‘Synecdoche, NY’ unique hit

Joe Cramer

“Synecdoche, New York” is a film that defies classification.

One dare not attempt to call it a comedy, a drama, a fantasy or a tragedy because it is all of these and none of them at the same time.

Furthermore, should you dare to set aside two hours of your life to watch it, you will find yourself watching what may be the most confounding and thematically imperceptible film in recent memory.

In spite of all this, it is a truly unique and captivating piece of cinema that hides profound truths about human nature beneath its nearly impenetrable exterior.

Written and directed by Charlie Kaufman, the reality-bending scribe behind bizarre fare such as “Eternal Sunshine of the Spotless Mind” and “Being John Malkovich,” “Synecdoche, New York” tells the surreal story of small town playwright Caden Cotard, who, realizing his own mortality and inadequacies, sets out to compose a work of art that replicates the universal struggles and experiences of all mankind.

It is an ambitious task to say the least, so it is helpful that he comes into possession of a massive warehouse in which he is able to stage this colossal production.

While this description summarizes the basic narrative flow of the “Synecdoche, New York,” it is a meager treatment of the complexities that inhabit it from start to finish.

The world Kaufman has created and the characters living within it are completely unrecognizable despite the familiar setting and ordinary nature of the characters.

The interactions and behaviors of the characters are so bizarre that it soon becomes apparent that this is representation of the most complex form.

In fact, the greatest mistake one can make while watching this movie is viewing it within normal frameworks.

Events occur with no propagation; characters appear and disappear on a whim.

It is a modern-day fantasy that discovers the absurd in the realm of the stiflingly normal.

Illustrating this point, throughout the film, Caden reads from the diary of his daughter, who left for France with his wife at the outset of the film when she was a young girl.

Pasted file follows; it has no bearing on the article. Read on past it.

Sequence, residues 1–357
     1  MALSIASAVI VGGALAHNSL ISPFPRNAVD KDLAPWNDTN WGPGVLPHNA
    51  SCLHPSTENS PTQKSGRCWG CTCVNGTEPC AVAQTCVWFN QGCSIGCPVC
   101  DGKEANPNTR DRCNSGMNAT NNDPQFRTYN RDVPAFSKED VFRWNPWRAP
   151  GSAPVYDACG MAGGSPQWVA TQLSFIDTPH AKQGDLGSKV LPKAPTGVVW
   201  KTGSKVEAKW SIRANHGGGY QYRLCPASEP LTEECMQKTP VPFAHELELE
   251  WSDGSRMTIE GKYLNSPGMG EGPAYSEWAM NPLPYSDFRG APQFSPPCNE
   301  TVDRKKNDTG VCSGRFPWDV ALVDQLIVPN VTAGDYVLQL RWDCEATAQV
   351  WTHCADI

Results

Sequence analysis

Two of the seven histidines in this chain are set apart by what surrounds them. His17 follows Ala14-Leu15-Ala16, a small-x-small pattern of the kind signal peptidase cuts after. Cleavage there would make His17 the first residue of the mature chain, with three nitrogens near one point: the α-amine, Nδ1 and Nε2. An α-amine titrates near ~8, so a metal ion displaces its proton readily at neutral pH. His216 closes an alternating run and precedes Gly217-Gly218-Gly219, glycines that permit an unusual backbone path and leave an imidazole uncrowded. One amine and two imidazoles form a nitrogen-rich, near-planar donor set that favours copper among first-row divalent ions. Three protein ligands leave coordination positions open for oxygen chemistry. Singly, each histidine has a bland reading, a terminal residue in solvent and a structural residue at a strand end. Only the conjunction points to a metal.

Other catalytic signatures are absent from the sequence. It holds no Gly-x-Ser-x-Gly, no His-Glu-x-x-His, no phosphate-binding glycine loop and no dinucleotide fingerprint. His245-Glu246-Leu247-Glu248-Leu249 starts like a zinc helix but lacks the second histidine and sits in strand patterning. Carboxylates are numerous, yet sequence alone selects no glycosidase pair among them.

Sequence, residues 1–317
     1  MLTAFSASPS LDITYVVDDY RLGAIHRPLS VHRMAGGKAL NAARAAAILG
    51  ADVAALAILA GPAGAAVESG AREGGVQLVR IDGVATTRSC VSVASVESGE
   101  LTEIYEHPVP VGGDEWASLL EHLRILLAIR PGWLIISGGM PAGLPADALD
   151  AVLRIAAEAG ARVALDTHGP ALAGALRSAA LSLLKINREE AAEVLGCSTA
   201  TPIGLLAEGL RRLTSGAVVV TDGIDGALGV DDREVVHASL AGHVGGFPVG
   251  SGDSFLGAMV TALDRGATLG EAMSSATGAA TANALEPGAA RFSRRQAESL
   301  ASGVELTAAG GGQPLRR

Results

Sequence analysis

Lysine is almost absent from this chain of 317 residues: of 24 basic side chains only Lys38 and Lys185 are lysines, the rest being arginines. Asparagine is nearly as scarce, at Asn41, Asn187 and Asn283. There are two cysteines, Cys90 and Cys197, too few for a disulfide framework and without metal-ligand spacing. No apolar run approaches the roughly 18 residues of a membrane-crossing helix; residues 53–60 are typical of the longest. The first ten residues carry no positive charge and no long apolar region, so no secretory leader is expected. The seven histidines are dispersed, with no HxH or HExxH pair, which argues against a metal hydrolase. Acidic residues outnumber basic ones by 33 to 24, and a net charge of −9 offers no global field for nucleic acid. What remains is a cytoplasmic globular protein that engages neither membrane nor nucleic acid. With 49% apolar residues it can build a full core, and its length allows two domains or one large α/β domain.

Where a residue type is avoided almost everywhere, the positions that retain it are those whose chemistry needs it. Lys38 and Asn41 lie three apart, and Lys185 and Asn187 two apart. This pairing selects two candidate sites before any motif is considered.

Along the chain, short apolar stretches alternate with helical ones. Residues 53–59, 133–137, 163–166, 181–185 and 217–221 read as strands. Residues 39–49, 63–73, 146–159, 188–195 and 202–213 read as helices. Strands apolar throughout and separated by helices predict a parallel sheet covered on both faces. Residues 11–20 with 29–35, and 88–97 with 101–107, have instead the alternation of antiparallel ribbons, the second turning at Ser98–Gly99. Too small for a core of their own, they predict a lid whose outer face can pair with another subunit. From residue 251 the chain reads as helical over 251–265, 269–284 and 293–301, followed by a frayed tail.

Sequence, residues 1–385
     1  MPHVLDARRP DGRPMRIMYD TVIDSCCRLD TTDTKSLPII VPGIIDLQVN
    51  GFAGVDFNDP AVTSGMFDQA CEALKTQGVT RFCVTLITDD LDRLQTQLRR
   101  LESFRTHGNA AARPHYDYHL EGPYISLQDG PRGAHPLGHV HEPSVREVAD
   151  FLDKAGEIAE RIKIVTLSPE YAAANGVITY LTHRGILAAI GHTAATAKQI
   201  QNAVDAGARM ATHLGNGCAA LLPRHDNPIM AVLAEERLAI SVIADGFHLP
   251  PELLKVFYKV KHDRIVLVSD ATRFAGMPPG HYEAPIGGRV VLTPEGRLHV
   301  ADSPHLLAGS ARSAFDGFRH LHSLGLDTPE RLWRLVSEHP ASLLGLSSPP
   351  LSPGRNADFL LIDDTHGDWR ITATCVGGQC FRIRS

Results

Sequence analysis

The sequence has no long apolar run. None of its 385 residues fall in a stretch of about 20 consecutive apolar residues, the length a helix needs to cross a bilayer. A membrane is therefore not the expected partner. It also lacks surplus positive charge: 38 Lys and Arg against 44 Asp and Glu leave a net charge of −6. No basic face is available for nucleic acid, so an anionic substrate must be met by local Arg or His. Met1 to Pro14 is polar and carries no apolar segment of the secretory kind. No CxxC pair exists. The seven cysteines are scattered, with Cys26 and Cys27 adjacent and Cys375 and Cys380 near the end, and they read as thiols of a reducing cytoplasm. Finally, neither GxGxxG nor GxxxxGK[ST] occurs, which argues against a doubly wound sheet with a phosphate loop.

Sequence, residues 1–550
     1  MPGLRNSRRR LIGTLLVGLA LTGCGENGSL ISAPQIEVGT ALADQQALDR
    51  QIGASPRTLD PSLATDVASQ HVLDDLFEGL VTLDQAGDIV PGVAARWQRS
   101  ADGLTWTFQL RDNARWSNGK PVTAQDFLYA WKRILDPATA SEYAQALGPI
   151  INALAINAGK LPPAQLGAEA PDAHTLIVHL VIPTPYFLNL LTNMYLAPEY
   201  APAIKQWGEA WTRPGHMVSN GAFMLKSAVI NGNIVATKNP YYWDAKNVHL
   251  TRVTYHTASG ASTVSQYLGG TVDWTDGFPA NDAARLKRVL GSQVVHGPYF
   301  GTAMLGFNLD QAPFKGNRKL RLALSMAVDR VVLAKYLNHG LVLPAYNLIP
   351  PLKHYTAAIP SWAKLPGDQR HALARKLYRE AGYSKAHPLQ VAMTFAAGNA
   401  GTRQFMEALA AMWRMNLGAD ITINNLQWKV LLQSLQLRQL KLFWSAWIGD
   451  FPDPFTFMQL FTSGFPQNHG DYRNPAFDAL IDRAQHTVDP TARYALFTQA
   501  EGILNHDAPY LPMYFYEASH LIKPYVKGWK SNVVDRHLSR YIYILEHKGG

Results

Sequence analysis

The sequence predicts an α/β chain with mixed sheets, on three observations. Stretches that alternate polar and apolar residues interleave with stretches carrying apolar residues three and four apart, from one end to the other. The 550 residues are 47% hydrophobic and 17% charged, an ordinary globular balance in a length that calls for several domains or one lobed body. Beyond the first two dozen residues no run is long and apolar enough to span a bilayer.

However, the entries in the diary she left behind are written by her older self, even though she is in Europe with her mother.

Additionally, the warehouse in which he stages his epic, while located within the boundaries of the theatre district, somehow manages to house a life-size replica of New York City.

The standard limits of space, reality and chronology are broken for this mind-bending masterpiece.

The focal point of the entire work is the fascinating character of Caden. Kaufman portrays him as a man who views not only himself but everyone in his life as merely characters in his own selfish play.

As he continues to go through his life as a character rather than a human being, he becomes increasingly disconnected from reality, as is symbolized by the escalating absurdity of the events that transpire.

Kaufman is an impeccable writer and living proof that creativity is far from dead in modern film.

A lesser filmmaker would have botched the execution of such a complex and multi-layered concept, yet Kaufman manages to keep viewers interested, even though they may not have the slightest clue of what is going on.

He has created an alternate reality that pokes and prods our perceptions, challenges us as viewers.

The word “synecdoche” is a literary term that refers to the use of a part to represent the actual whole.

As the title implies, then, “Synecdoche, New York” is a film about representation.

Whether it is the replica of New York or the multitude of actors that Caden hires to play the people in his own life, everything stands for something else.

On the surface, we are only allowed a glimpse of the ultimate message.

One must probe through the nearly incomprehensible collection of inexplicable events to access its true meaning.

While not for everyone, this endlessly thought-provoking film is a true gem for those willing to put on their thinking caps for two hours.

It is more like poetry than film, requiring a distinctly literary mode of thinking to truly appreciate its beauty.

“Synecdoche, New York” is not a film that provides answers. At the end of the film, all we are left with are more questions – not only about the film but about life itself.

While bold themes and conclusions about life, relationships and the creative process are there, they are so well hidden behind a mesmerizing trip through the artistic mind that one cannot discover them in a single viewing, making it a film worth watching many times over.